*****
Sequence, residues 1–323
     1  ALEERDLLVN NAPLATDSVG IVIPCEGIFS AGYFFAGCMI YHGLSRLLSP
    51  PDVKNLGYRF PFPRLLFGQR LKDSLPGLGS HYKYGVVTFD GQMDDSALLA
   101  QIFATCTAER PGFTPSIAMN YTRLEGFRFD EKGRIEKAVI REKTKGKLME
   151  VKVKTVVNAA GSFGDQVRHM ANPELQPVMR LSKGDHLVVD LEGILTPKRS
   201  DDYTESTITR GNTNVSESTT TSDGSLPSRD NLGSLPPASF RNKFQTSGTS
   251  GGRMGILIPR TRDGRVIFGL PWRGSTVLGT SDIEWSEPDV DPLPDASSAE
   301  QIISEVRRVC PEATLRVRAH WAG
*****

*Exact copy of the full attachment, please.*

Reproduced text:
Sequence, residues 1–323
     1  ALEERDLLVN NAPLATDSVG IVIPCEGIFS AGYFFAGCMI YHGLSRLLSP
    51  PDVKNLGYRF PFPRLLFGQR LKDSLPGLGS HYKYGVVTFD GQMDDSALLA
   101  QIFATCTAER PGFTPSIAMN YTRLEGFRFD EKGRIEKAVI REKTKGKLME
   151  VKVKTVVNAA GSFGDQVRHM ANPELQPVMR LSKGDHLVVD LEGILTPKRS
   201  DDYTESTITR GNTNVSESTT TSDGSLPSRD NLGSLPPASF RNKFQTSGTS
   251  GGRMGILIPR TRDGRVIFGL PWRGSTVLGT SDIEWSEPDV DPLPDASSAE
   301  QIISEVRRVC PEATLRVRAH WAG